Viva Las Vegas! When Elvis Presley sang those words 50 years ago, he captured the essence of the famous desert resort city. Vegas is always full of life, from the surging crowds along the sidewalks of The Strip to the dramas playing out around the tables in its many casinos. There comes a time, though, when the party has to stop – or at least pause. When your gambling fund is extinguished, the endless neon signage looks garish, and the theme-park facades seem tacky. Then it’s time for a traveller to do what a traveller’s gotta do – get out of town and explore Nevada.
Most visitors to Vegas don’t see much of the surrounding state, merely glimpsing it in flight. But rural Nevada is a fascinating patchwork of desert landscapes, mysterious government installations and small towns with loads of Western character.
Here’s a three-day driving itinerary, looping out of Vegas.
Dramatic landscape at the Red Rock Canyon National Conservation Area, Nevada. Image by Tim Richards / Lonely Planet.
Day 1: a Gold Rush ghost town and alien encounters
A short drive west of Las Vegas is the Red Rock Canyon National Conservation Area, a perfect place to start this urban detox trip. Part of the Mojave Desert, this dry landscape is dominated by spectacular red sandstone formations. From the visitor centre, there’s a great view of a long rusty red stretch of rock contrasting boldly with the dry landscape dotted with spiky-leaved yucca plants.
Take a stroll along the marked walking trails circling out from the visitor centre, but keep in mind local ranger Jim Cribbs’ advice about rattlesnakes: 'Give them 10 feet of distance and they’ll leave you alone. You pick up a rattlesnake by its tail, it’ll bite you. They have no sense of humour.'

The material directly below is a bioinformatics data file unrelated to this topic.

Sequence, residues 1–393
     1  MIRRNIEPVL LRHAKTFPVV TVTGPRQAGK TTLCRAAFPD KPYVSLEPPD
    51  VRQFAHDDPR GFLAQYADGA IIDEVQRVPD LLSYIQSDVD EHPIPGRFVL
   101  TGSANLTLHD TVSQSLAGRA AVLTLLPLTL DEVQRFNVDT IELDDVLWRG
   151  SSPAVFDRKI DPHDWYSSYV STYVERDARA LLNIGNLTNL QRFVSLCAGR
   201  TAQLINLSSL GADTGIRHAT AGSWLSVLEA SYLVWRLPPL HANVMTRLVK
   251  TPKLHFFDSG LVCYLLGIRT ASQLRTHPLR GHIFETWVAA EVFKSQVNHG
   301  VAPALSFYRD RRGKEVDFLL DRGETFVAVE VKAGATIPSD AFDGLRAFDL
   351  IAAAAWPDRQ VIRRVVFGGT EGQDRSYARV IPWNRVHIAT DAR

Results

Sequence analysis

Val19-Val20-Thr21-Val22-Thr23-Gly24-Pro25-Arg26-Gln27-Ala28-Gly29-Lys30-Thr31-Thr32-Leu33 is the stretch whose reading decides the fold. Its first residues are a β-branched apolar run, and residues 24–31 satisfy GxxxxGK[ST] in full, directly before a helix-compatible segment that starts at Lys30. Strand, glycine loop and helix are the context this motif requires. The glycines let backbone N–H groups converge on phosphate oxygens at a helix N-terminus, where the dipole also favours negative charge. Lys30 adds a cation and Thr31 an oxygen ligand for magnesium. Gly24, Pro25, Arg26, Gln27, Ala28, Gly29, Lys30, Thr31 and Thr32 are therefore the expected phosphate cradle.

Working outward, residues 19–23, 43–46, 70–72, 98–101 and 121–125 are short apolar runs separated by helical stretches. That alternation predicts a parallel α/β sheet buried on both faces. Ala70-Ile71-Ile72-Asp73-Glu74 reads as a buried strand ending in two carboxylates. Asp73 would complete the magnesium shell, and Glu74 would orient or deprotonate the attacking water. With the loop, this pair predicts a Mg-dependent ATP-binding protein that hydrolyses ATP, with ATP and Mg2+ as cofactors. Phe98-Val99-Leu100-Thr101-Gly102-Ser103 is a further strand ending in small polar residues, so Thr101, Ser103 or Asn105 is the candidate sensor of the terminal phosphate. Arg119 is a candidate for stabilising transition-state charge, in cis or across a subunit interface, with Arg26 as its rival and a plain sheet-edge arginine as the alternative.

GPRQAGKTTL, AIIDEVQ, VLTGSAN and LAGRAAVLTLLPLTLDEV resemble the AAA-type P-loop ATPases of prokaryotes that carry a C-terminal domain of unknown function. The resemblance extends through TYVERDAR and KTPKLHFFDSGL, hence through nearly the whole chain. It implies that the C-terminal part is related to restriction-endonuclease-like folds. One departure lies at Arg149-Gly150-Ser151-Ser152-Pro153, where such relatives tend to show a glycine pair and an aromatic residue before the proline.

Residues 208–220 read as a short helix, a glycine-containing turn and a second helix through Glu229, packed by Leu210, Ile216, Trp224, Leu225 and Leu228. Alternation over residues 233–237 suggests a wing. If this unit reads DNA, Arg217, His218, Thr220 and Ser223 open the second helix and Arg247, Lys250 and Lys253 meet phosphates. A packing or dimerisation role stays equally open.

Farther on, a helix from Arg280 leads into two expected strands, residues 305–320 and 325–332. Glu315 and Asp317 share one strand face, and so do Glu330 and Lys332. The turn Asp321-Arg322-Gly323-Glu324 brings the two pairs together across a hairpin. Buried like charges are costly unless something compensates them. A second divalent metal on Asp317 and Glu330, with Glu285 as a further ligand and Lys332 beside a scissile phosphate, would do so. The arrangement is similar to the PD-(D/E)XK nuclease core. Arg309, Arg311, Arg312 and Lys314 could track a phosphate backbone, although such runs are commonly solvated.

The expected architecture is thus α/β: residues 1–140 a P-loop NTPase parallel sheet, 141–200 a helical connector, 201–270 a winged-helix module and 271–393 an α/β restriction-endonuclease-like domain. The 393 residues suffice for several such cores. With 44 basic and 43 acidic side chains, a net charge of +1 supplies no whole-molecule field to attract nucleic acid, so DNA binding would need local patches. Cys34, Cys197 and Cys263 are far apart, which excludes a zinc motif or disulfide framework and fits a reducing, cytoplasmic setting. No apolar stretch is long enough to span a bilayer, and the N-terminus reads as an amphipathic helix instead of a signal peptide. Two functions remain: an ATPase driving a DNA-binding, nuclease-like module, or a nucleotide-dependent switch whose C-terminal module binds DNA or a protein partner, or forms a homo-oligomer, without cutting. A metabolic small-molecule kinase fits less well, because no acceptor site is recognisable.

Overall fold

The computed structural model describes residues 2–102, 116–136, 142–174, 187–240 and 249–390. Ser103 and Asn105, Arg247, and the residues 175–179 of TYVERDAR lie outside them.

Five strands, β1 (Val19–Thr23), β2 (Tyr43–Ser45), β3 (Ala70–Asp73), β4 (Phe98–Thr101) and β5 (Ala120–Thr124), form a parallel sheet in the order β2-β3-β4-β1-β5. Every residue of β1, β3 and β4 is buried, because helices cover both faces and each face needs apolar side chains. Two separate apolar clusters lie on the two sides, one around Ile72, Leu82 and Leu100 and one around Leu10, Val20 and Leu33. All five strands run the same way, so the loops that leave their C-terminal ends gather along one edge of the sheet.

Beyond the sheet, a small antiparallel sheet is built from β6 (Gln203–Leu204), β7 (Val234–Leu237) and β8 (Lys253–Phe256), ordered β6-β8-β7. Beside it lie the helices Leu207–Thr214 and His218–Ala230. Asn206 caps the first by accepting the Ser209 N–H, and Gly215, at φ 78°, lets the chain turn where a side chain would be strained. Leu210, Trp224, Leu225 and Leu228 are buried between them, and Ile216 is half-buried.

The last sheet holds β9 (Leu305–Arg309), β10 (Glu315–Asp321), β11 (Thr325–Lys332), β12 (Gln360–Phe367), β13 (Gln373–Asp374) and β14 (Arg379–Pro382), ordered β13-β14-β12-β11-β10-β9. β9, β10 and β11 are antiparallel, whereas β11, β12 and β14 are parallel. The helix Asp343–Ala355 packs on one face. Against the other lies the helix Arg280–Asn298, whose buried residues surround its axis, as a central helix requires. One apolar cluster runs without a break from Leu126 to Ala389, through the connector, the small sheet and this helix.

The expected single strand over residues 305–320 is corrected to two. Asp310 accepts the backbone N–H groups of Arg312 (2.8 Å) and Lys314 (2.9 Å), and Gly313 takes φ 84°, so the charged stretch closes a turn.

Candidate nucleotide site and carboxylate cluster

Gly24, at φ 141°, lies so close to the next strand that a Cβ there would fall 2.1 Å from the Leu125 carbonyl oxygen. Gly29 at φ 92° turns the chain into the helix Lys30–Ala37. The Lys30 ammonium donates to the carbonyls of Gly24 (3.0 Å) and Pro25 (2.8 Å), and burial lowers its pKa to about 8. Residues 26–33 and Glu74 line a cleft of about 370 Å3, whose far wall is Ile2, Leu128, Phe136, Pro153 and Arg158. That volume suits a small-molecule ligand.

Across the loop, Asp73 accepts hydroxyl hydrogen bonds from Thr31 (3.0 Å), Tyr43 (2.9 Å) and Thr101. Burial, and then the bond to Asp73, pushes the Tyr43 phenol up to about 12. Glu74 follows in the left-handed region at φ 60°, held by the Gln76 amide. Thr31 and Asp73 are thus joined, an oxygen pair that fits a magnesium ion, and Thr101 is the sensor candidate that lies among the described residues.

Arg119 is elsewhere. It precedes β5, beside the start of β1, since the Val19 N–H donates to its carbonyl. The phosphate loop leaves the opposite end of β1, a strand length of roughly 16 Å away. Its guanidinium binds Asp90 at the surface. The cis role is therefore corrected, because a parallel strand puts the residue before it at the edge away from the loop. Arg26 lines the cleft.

Heading northwest, there’s mystery to starboard as you pass along the edge of the Nellis Air Force Range, a secretive area holding both a former nuclear weapon test site and the mysterious Area 51, linked with UFOs by excitable conspiracy theorists.
Atomic Inn in Beatty, Nevada. Image by Tim Richards / Lonely Planet.
To extend the UFO theme when you arrive in the town of Beatty (www.beattynv.info), check in to the Atomic Inn (www.theatomicinn.com). Making the most of the Area 51 mythos, this retro motel decorates its grounds with models of aliens and unexploded bombs.
From Beatty, it’s a few minutes’ drive to the eerie Gold Rush ghost town of Rhyolite. Abandoned in the 1920s after the gold ran out, its streets are dotted with crumbling buildings such as the former railway station and a house made entirely of bottles.
The ghost town of Rhyolite, Nevada. Image by Tim Richards / Lonely Planet.
At the bottom of the township is the Goldwell Open Air Museum, its impressive artworks set against the stark landscape under a big blue sky.
To finish the day, visit one of the cowboy-themed saloons in Beatty. There’s an element of showmanship at work here – the symbol of the Happy Burro (www.facebook.com/pages/Happy-Burro-Chili-Beer) is 'Whiskey Pete', a flamboyant fellow you may actually meet at the bar. Nearby, KC’s Outpost (kcsoutpost.com) puts on an entertaining cowboy-themed barbecue and show.
Abandoned old railway carriage in the ghost town of Rhyolite. Image by Tim Richards / Lonely Planet.
Day 2: immerse yourself in history at a mining boom town